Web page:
When two different people read the same criminal statute it is possible that those two individuals could come away with two entirely different interpretations of the same sentence. Normally this wouldn't cause much alarm, but when one of the people reading the statute is a prosecutor, an improper interpretation could mean adding years to a defendant's potential criminal liability. Earlier this year the Tennessee Supreme Court heard the case of State v. Michael Farmer and Anthony Clark, which revolved around the interpretation of the phrase "serious bodily injury."
In Farmer the facts of the case were rather simple. During a robbery, one of the defendants shot the victim in the leg. The big question to be answered was whether or not the victim sustained "serious bodily injury." At trial the State put on proof that showed the bullet impacted the victims' leg, passed through, and only caused a superficial wound which only required less than an hour of medical treatment in the emergency room before the victim was discharged. Further, the victim testified at trial that he has not had any further problems with this leg. Despite these facts, Michael Farmer and Anthony Clark were convicted of Especially Aggravated Robbery, which is a Class A Felony in Tennessee. In fact, especially aggravated robbery is the highest-grade robbery offense in Tennessee. The charge of especially aggravated robbery requires both the use of a deadly weapon and the victim must sustain a serious bodily injury. In the
Farmer case it was clear that the defendants used a deadly weapon, therefore the trial hinged on the definition of "serious bodily injury" and whether or not the gunshot wound suffered by the victim constituted a "serious bodily injury."
Tennessee Code Annotated defines "serous bodily injury" as "bodily injury that involves: (A) A substantial risk of death; (B) Protracted unconsciousness (C) Extreme physical pain; (D) Protracted or obvious disfigurement; [or] (E) Protracted loss or substantial impairment of a function of a bodily member, organ or mental faculty."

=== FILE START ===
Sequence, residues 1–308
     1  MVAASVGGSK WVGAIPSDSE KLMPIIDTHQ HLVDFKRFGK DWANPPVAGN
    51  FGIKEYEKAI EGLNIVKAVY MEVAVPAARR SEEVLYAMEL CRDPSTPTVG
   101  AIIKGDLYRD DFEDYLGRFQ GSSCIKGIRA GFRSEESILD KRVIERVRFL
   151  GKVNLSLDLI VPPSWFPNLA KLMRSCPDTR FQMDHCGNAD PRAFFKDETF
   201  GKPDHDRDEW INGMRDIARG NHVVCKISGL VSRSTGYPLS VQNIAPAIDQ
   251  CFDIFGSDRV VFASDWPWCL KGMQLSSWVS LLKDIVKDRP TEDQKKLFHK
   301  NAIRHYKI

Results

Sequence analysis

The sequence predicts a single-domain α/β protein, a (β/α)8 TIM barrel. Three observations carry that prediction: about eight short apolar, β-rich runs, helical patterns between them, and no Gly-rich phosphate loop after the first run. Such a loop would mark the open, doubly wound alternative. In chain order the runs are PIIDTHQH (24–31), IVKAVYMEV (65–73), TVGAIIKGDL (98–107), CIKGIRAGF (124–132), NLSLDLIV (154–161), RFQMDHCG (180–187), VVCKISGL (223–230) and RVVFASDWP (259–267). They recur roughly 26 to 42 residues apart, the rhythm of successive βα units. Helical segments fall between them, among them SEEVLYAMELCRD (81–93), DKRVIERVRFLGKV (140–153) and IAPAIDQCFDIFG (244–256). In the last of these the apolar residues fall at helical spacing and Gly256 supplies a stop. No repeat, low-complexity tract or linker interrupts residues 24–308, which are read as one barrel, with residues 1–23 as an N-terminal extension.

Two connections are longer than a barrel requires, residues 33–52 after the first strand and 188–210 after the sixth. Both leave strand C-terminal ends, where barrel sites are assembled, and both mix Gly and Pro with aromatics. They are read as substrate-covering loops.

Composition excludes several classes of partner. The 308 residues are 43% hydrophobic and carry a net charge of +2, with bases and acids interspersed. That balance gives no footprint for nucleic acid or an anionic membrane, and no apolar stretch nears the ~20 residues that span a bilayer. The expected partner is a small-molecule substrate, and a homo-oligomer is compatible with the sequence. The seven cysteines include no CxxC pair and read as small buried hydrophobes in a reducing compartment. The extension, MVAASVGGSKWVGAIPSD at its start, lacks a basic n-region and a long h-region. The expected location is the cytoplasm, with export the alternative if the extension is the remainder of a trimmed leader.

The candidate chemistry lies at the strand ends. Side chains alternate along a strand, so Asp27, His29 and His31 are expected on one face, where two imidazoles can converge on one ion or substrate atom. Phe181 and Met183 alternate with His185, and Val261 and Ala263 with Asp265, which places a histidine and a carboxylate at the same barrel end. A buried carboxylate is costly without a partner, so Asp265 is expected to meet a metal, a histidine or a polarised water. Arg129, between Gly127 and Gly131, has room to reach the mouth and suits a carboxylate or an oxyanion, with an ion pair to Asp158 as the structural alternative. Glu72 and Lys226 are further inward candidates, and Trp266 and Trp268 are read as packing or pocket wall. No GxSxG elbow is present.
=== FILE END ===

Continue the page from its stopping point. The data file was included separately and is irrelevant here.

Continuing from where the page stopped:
The interpretation of this statute is so important because absent "serious bodily injury" the defendants would have likely faced a substantially less serious charge, such as simple assault, a class A misdemeanor. Meaning, the phrase "serious bodily injury" can result in a potential sentence of fifteen years as opposed to a sentence of as little as one year. Both Defendants were convicted of especially aggravated robbery at Trial and both defendants appealed. The Tennessee Court of Criminal Appeals upheld the conviction.
It comes as no surprise that the Tennessee Supreme Court heard this case because under the trial and court of appeals definitions of "serious bodily injury" any injury whatsoever inflicted by an instrument such as a gun or knife would likely be sufficient under the statute.
The Tennessee Supreme Court held that in order to be convicted of Especially Aggravated robbery, the state must show the victims' injury must involve a substantial risk of death. The court went on to say that " in determining whether there was a "serious bodily injury" based on a "substantial risk of death," we must look to the injury that occurred rather than the injury that could have occurred or the manner in which it occurred."
All too often criminal offenses and their definitions include technical or ambiguous terms whose interpretations can have a substantial impact on potential penalties for offenders. Because of this issue it is important that you contact an experienced
criminal defense attorney if you have been charged with a crime.
Source: State of Tennessee v. Michael Farmer and Anthony Clark